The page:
The Mayor of Hallandale Beach, Florida surrendered to authorities on Thursday on third-degree felony charges of money laundering, official misconduct and exceeding limits on campaign contributions. Mayor Joy Cooper (D) is also charged with soliciting contributions in City Hall - a misdemeanor. Each felony carries a maximum five year prison sentence.
According to prosecutors, the FBI began investigating Cooper in May, 2012 - posing as wealthy real estate developers from California seeking political favors from Cooper in exchange for a Hallandale Beach project. The undercover agents hired disbarred Hollywood attorney Alan Koslow to represent them, who funneled $5,000 in campaign contributions to Cooper in the form of "checks from a bunch of Russian names," according to court documents. Koslow did not initially know that the men were with the FBI, nor that he was also a target in their investigation.
"At the time, Alan Koslow was unaware that he was interacting with undercover Federal Bureau of Investigation agents," wrote investigators. Koslow, 63, would eventually wear a wire as part of the sting, as the FBI recorded audio or video of every meeting, according to court records.
Koslow represented himself to agents as an effective lobbyist who "had the vote of the mayor," records show. During a July 10, 2012 meeting between Cooper, the undercover FBI agents and Koslow at City Hall, Cooper was recorded making assurances that she and two other commissioners were a "team of three" who could push the real estate project through, according to the arrest affidavit.
“Alan Koslow showed Mayor Cooper a number representing a proposed contribution and asked her if it was a good number. She replied ‘No. Add a zero.” Koslow confirmed ‘Three zeros, is that fine?’ and Mayor Cooper replied ‘Yes,’” according to the arrest affidavit. Later that month, Koslow assured Cooper she would receive a $10,000 bribe in the form of two $5,000 contributions - before and after the August, 2012 primary.
In an August, 2012 meeting, Koslow and the undercover agents went to Cooper's home, after which they drove to the former Hollywood attorney's house and gave him a Dunkin' Donuts bag containing $8,000 in cash. Koslow told the agents he would have two Russian organizations write checks for them, according to investigators.
During a recorded meeting at the Flashback Diner on Aug. 20, 2012, one of the undercover agents told Cooper that “the pledged payment to her, via her campaign, would be in the form of checks from a ‘bunch of Russian names,’” according to court documents.
In September, Koslow told one of the agents he had personally handed 20 checks to Cooper at a Hallandale Beach Chamber of Commerce fashion show, court records say. The checks, totaling $5,000, were broken down into smaller amounts that appeared to come from people with Russian last names, according to the documents. Cooper said “that’s fantastic” when she got the checks, according to what Koslow told the undercover agents.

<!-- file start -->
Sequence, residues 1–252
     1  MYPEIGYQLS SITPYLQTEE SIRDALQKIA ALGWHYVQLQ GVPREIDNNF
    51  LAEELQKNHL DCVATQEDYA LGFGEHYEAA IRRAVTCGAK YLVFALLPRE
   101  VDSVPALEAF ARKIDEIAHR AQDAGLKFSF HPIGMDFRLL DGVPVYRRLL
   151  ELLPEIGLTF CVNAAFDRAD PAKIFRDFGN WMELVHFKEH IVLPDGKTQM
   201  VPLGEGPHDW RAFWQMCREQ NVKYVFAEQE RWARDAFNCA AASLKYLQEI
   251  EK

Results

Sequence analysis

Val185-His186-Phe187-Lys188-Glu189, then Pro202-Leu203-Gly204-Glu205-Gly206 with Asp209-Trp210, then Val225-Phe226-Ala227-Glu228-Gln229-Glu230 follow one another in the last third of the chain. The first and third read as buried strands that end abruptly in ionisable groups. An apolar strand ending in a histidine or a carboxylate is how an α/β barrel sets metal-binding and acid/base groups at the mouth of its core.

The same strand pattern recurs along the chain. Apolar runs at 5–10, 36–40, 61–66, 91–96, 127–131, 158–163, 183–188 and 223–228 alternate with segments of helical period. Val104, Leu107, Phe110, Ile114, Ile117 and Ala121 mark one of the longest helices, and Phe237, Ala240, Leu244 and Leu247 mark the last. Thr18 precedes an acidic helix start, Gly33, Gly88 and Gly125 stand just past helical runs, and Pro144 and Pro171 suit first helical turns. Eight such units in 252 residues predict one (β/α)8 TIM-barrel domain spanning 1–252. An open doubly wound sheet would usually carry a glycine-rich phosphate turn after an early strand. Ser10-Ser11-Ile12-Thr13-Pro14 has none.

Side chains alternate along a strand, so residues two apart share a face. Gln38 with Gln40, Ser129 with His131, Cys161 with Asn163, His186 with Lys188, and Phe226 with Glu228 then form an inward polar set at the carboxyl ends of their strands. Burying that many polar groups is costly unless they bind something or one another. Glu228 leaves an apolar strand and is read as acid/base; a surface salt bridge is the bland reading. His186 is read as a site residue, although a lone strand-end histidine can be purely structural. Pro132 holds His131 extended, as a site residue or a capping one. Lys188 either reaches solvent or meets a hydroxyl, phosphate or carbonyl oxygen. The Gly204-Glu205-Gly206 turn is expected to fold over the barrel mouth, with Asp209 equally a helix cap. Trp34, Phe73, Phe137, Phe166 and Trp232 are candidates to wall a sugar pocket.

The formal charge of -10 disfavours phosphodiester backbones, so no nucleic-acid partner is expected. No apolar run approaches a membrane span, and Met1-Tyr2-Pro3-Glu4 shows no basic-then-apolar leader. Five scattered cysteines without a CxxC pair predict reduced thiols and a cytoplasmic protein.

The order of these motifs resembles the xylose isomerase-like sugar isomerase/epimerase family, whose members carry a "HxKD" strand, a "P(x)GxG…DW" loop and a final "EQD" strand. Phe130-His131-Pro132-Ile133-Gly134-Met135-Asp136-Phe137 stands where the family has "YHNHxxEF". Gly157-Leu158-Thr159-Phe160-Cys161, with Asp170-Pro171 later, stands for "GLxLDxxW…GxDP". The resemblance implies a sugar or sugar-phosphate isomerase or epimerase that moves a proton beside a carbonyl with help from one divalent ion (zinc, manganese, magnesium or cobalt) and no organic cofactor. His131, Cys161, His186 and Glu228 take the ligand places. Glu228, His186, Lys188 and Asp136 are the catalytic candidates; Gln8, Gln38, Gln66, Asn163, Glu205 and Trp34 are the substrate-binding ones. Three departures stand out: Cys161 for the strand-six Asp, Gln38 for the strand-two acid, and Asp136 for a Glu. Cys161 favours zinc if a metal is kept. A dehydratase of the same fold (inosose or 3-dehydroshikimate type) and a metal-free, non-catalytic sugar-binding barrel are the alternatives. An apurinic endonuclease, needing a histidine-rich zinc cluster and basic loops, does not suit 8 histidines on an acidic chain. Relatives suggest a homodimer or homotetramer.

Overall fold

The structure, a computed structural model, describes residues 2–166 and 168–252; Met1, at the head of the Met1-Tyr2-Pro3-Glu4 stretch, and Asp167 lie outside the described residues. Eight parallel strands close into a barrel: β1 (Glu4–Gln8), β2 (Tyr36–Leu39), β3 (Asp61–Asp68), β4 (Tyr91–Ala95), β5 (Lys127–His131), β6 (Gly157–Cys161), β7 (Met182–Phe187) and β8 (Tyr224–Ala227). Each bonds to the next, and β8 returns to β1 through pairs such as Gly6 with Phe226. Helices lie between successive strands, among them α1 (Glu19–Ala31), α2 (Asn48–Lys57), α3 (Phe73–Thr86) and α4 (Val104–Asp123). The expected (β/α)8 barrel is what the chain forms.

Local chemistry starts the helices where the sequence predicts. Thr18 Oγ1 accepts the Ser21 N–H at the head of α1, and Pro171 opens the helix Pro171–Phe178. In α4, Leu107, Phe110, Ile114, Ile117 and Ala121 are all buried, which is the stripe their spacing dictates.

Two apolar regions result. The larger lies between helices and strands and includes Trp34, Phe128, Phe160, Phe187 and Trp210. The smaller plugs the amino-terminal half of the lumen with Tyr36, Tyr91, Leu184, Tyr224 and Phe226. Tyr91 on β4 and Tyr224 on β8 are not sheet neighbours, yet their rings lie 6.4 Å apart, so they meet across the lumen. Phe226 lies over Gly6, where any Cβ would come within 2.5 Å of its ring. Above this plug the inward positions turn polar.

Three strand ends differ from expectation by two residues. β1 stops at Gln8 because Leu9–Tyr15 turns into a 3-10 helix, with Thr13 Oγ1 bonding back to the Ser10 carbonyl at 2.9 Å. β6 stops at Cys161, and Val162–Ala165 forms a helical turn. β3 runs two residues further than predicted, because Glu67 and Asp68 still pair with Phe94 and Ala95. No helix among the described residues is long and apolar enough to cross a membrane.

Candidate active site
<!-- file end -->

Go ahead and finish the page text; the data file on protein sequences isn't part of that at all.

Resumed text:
Cooper’s campaign reported nine contributions from eight teachers and a retired person in the amount of $500 each, matching names on a list of donors Koslow had given the so-called developers, the affidavit said.
Between September 2013 and May 2016, four different undercover FBI agents met with Koslow at least 75 times, however their discussions remain secret due to ongoing investigations in other matters. The FBI's had their final piece of major evidence after Koslow gave a sworn statement to investigators in November 2017, in which he admitted to the entire affair.
Cooper's attorney responded, knocking the FBI for using Koslow:
“We look forward to our day in court and the mayor’s vindication,” said Cooper's attorney, Larry Davis. “We’re extremely disappointed that the Broward County State Attorney’s Office is relying upon Alan Koslow, a disgraced and disbarred convicted felon, as the centerpiece of its case of alleged campaign finance violations.”
Koslow, 63, was considered one of the most effective and best-known attorneys and lobbyists in the state, specializing in representing developers and the gaming industry. He pleaded guilty in August 2016 to helping people prosecutors said he thought were "quasi-mafia" criminals hide the source of $220,000 linked to illegal gambling and drug dealing. -sun-sentinal.com
Cooper apparently began unraveling late last year - with her political rivals sending a letter to Gov. Scott asking him to remove her from office, after she allegedly showed up to a commission meeting and appeared to be under the influence of some type of "behavior-altering substance," according to the letter.
Cooper defended herself, saying she was severely dehydrated after contracting diarrhea during a trip to Mexico. Cooper was also accused of spying on her political rivals, after Vice Mayor Keith London and others say she planted a GPS tracker in their cars. Cooper suggested the rivals had planted the trackers as a political stunt.
And so, once again, America is graced with tales of mystery, malfeasance, and incompetence by elected officials in Broward County, Florida.